Summer in Souda (Summer Sailing 2018)

Greece, in my opinion, is painted in social media and in blogs to be such an ideal getaway country.  The sky is always blue, the sea is even bluer, and you’re eating good food. The nightlife is good, the weather is nice and hot, and the shades of blue and white of the buildings make every photo you snap to be picture perfect. It’s a vacation country and its islands always make it on every ‘Where you Should Travel Next’ list.

On our last cruise in the Mediterranean, we had stopped at Mykonos (which was on the original itinerary for this trip, too) and Athens. This time, our ship was going to be rolling into the port of Souda, which was on Crete Island. The town of Chania, which was only a few miles away from where the ship was docked, was where everybody was heading.

Because everything was within walking-distance, we decided to make the day our own and plan out our own little tour in Chania. After we got off the ship, we did have to purchase roundtrip tickets for the local city bus that would take you from the port and into the marketplace in the heart of Chania. Tickets were only 3.4 Euros per person, which made it much cheaper than finding a tour with the ship.

We got a map and simply let ourselves wander. We wanted to head to Firka Fortress, so one of the locals recommended we take the smaller, neighbourhood streets to get there.

And it was probably the best decision we made of the day.

The neighbourhoods were beautiful, and what I loved about them was that they didn’t resemble the suburbs from back home. It wasn’t just a detached house after detached house. The neighbourhood didn’t just consist of pools, mailboxes, and driveways. Instead, the roads, made of cobblestone, twisted and winded, and the houses were so tightly packed together. And it wasn’t just houses – there would be restaurants dotting the neighbourhood scene here and there, souvenir shops popping up, clothing stores, pottery stores, and so much more. Since we were doing our stroll in the morning, storeowners were out in front, sweeping and cleaning their store entrance. Locals were milling about, catching up with their friends or simply sitting somewhere and enjoying a cup of coffee. It was exciting, yet peaceful, and refreshing to get a glimpse into their seemingly quaint life.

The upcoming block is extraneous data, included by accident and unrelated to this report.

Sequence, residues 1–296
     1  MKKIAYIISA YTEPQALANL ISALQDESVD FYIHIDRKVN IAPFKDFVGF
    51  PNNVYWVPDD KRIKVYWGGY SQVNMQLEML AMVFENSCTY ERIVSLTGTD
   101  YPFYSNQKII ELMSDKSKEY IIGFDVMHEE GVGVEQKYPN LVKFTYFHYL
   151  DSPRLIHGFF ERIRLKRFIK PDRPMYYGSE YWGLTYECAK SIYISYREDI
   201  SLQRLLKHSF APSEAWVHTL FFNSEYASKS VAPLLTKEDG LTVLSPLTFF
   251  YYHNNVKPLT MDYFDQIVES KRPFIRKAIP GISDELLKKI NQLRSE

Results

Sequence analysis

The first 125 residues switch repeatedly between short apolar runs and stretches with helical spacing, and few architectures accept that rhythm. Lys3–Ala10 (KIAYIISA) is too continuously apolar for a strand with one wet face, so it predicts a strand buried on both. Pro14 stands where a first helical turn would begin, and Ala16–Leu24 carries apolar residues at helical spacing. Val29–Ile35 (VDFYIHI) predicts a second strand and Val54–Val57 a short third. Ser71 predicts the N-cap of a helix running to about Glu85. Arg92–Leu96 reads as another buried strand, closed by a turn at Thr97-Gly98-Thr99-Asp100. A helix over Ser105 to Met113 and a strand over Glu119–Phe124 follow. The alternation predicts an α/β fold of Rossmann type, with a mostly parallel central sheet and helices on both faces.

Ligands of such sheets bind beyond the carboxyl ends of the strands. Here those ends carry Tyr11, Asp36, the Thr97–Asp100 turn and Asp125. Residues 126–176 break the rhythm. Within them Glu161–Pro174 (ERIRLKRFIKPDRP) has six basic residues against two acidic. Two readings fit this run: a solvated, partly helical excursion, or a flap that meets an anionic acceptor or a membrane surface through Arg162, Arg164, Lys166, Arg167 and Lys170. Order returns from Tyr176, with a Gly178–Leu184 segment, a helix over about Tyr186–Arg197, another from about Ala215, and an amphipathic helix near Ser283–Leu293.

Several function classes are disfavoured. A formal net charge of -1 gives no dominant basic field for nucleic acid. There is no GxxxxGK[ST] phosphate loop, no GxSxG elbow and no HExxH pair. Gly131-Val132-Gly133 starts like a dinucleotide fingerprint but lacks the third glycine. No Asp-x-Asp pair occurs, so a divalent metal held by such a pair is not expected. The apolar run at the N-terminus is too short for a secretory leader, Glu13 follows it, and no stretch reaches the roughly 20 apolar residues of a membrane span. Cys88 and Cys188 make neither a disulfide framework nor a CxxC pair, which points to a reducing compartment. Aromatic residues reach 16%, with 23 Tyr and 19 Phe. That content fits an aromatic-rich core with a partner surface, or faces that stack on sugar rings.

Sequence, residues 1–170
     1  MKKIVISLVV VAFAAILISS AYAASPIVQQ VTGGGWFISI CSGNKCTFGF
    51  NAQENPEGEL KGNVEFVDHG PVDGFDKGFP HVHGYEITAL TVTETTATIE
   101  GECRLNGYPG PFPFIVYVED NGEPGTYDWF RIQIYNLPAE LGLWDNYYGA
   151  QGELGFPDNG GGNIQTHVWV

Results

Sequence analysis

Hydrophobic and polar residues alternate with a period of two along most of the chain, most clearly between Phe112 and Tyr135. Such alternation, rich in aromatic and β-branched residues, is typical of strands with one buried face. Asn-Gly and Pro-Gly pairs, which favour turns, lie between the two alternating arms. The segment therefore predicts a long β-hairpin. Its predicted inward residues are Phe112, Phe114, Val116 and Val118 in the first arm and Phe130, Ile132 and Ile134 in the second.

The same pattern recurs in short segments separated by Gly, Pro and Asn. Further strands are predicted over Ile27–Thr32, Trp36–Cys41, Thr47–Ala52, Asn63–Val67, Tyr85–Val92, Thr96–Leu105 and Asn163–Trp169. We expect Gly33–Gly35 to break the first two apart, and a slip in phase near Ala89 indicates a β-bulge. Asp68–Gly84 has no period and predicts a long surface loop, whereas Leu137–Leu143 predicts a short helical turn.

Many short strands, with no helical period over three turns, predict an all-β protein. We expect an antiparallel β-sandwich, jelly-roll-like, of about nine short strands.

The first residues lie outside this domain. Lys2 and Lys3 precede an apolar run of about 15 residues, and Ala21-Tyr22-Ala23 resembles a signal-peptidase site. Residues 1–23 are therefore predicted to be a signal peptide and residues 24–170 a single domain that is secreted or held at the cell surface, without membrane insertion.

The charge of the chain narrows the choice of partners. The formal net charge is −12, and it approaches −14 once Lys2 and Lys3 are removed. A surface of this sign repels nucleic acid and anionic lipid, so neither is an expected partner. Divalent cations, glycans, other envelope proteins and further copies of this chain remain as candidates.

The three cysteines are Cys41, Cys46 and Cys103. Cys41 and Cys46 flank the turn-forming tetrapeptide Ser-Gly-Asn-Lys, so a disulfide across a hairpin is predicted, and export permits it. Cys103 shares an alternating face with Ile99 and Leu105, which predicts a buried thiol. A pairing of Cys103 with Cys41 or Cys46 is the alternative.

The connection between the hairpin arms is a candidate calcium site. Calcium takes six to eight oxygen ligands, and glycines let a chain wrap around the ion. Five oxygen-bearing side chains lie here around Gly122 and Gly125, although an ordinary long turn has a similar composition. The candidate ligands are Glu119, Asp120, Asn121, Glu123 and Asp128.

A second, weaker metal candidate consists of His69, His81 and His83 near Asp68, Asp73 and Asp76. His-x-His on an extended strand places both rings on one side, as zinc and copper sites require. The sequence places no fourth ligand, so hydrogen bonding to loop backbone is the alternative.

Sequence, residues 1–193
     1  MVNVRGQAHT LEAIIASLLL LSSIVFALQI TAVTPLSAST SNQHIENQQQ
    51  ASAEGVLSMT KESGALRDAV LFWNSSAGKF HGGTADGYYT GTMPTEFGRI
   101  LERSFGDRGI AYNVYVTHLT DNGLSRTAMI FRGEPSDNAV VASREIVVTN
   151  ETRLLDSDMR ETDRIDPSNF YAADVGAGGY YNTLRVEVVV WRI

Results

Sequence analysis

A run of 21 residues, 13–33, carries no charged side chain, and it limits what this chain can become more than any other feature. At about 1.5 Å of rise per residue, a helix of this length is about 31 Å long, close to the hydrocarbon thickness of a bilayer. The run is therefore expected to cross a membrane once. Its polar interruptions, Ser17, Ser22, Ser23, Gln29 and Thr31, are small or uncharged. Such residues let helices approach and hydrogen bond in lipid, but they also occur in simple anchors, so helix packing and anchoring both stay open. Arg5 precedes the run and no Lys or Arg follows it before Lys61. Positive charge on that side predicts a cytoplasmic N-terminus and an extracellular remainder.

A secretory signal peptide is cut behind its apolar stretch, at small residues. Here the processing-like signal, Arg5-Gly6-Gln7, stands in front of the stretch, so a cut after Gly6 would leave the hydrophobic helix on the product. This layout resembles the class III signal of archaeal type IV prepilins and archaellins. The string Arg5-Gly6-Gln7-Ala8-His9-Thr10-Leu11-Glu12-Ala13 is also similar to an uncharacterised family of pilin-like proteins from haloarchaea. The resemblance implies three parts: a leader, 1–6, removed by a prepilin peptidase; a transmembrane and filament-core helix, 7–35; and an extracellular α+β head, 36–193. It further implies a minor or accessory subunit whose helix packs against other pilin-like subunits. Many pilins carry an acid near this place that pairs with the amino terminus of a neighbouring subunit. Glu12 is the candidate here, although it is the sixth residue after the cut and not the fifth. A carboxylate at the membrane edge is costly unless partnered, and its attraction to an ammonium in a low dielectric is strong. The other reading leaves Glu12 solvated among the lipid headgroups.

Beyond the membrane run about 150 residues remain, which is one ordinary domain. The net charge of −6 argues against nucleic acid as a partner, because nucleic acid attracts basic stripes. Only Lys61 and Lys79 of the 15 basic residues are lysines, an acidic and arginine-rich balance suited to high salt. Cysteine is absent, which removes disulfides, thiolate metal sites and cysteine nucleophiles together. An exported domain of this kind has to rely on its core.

I loved the ways the houses were constructed; it was such a refreshing breath of air from suburbia back home.

We finally got to the edges of the neighbourhood, where Firka Fortress was looming over us. The fortress was originally constructed by the Venetians to prevent any enemy danger for its port. Its construction began in 1610 and was finished a few years before 1645. We just took a few photos from the outside because we weren’t too interested in going inside (and we couldn’t find the entrance).

In the humid air, a treat for the morning walk we had completed thus far was the sea air that cooled our faces and dried our sweat. We sat on a bench by the edge of the water for a little bit, admiring the view and just listening to the sound of the crashing waves.

The next sight that we set our eyes on was the famous Venetian Lighthouse, which seemed so close to where we were standing beside the Firka Fortress, but was all the way across the Venetian Harbour.

There is a walkway that you can walk down so you could find yourself standing at the base of the lighthouse. But in order for us to be looking up at the lighthouse, we had to walk to the other end of the harbour, and then walk down the walkway. To be honest, when we started the walk, it didn’t seem to tiring or too lengthy, but this opinion all changed mid-walk. Under the beating sun, in 35 to 40 degrees weather, the walk definitely felt longer than it should have.

But, as always, there were no regrets. Along the way, we got so many great photos of the harbour, and of the town that surrounded it. It reminded me a little bit of Mykonos with the buildings right along the water.

The walk there also kept us entertained. As soon as you started to get on the walkway to the lighthouse, you could either choose to walk on the main walkway or climb up a bit and walk on a much narrower walkaway that was just above. So of course, we chose the latter. What was interesting was that it was so narrow it could pretty much only fit one person. So if we saw another person coming from the other direction, there would be some sort of silent communication between us and one of us would have to get up on a smaller ledge and wait for the other person to pass. It was a game, almost.

But again, no regrets. Photos taken from the ledge and from the bottom were so, so amazing.

There was even a building on the walk there that we explored a little bit and snapped some more aesthetically pleasing photos.

And the lighthouse definitely did not disappoint either.

To end off the day (and the long walk that came with it), we shopped around on the main shopping street in the town. What I loved seeing were the traditional Greek summer maxi dresses that were sold in practically every clothing store. They came in all different colours and styles, and were perfect for the heat (and were perfect for photos).

We picked up our necessary souvenirs, checked out a few clothing stores, and treated ourselves to frozen slush drinks to cool us down in the Greek heat.

We popped our head into the marketplace, which was where the bus would pick us up again. Sellers proudly displayed olives of all sorts, different meats and cheeses, breads, and a variety of other foods. There were leather goods, clothes, souvenirs, and other small knick-knacks being sold. A calm frenzy.

We were getting sleepy from being in the sun all day so we headed back for some R&R on the ship.

Next post is going to be a bit of a twist, so don’t miss it!

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